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Estate Planning in the Digital Age

By on June 7, 2018

Complete Estate Planning Guide In The Digital Age

An important note: This Estate Planning article highlights many legal elements and is not meant to offer advice. See disclosure. It is important to talk with a lawyer when it comes to planning out your estate documents. This article is meant to give a high-level view of what a complete estate plan should consist of given the nature of today’s digital age.

What would happen to everything you own if you were to pass away tomorrow? Do any of your family members or loved ones know where your online passwords are for everything? Do they have access to your Facebook account or to your bank account? Or would they be left scrambling to piece everything together? Given the nature of our digital world, today, as well as the privacy, security and identity theft precautions you must take, you might not want to simply just have a notepad in a drawer somewhere. What would happen if it was taken or copied? Or, if your home were to burn down?

Contents

1 Why Everyone Needs An Estate Plan
2 High Level Look At The Estate Planning Documents You Need
2.1 Living Will
2.2 Power of Attorney
2.3 HIPAA Release
2.4 Last Will (Also Known As A Pour-Over Will)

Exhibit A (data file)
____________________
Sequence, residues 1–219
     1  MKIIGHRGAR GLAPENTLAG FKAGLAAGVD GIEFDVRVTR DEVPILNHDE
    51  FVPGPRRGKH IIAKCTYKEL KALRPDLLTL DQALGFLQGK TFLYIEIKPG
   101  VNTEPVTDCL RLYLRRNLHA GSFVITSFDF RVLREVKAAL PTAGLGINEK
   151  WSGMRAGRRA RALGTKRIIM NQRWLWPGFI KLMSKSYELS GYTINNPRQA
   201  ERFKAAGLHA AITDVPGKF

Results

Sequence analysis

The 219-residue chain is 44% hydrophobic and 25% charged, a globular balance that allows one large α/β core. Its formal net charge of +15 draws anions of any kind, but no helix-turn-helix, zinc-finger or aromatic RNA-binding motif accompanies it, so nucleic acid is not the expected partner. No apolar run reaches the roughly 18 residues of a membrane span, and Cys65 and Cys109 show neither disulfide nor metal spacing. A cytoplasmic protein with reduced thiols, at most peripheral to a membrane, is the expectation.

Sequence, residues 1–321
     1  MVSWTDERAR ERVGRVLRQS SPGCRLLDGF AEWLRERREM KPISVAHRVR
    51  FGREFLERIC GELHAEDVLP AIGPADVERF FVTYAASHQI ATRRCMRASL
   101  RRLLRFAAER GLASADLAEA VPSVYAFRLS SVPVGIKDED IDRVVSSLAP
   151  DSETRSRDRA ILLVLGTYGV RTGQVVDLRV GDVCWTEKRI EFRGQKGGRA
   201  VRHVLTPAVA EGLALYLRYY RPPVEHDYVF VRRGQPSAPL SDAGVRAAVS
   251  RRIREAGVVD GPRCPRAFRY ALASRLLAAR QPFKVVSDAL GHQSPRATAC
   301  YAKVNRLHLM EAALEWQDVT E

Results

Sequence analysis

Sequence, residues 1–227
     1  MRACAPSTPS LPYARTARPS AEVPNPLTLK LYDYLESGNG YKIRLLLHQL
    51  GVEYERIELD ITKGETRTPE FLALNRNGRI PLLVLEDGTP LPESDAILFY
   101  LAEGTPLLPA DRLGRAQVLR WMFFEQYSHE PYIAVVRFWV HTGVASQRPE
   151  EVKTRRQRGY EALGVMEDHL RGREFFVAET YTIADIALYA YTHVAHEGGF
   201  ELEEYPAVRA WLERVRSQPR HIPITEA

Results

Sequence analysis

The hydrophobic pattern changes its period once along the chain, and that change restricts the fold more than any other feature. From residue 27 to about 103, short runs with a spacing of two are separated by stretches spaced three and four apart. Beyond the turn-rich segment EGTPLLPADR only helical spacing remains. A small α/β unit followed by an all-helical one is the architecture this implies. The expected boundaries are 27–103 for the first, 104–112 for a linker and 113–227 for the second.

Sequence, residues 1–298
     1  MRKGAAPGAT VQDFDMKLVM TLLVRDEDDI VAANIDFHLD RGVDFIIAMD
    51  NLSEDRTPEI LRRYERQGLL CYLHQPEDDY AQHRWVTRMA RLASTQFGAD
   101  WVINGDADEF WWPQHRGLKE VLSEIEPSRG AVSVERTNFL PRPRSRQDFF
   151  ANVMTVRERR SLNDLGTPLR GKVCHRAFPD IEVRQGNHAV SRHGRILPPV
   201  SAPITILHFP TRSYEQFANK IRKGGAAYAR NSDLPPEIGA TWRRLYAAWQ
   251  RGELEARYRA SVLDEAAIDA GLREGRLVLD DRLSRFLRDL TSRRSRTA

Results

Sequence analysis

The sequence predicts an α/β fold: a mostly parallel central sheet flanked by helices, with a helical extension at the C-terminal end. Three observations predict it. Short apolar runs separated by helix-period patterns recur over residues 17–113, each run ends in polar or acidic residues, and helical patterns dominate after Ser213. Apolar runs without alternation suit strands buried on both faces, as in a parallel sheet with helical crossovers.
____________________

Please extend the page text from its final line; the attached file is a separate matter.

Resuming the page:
2.5 Trust
3 A Word On Trust ID Numbers
4 Have A Legacy Binder or Safe (Central Location For All Documents)
5 Digital Estate Planning Tools & Steps To Follow
6 The Process That I Am Using
7 Hold An Annual Meeting & Stick To It
8 Take These Steps Today

Why Everyone Needs An Estate Plan

The purpose of this article is to not only lay out the basics of an Estate plan and make you aware of why everyone needs an estate plan but also to provide you with some valuable digital options when it comes to your assets. Today, there are solutions that exist to make it simple for you to handoff your assets when you pass in a secure and seamless manner.

Today, 55% of people die without a will or a trust. What this means is that when you die your loved ones have little to no say over how what you own and have saved is managed upon your passing. You will want to have a plan in place for when you pass. In many ways, there is no better way to say I love you to your loved ones than to have a plan in place for when you pass away.

High Level Look At The Estate Planning Documents You Need

Living Will

A living will is a document that outlines whether or not you would like to be kept on artificial life support if you fall into a state whereby you cannot be kept alive on your own. A living will is also sometimes referred to as a Health Care Directive.

Power of Attorney

Powers of Attorney give someone the ability to make decisions on your behalf. Sometimes you might hear a Power of Attorney as durable or non-durable. A Durable Power of Attorney is for a single reason such as a Power of Attorney for Health Care or a Finance whereas a simple Power of Attorney has much broader jurisdiction.

HIPAA Release

A HIPAA release also sometimes known as a HIPAA release and authorization form is a simple form that states how you would like your health data treated and handled.

Last Will (Also Known As A Pour-Over Will)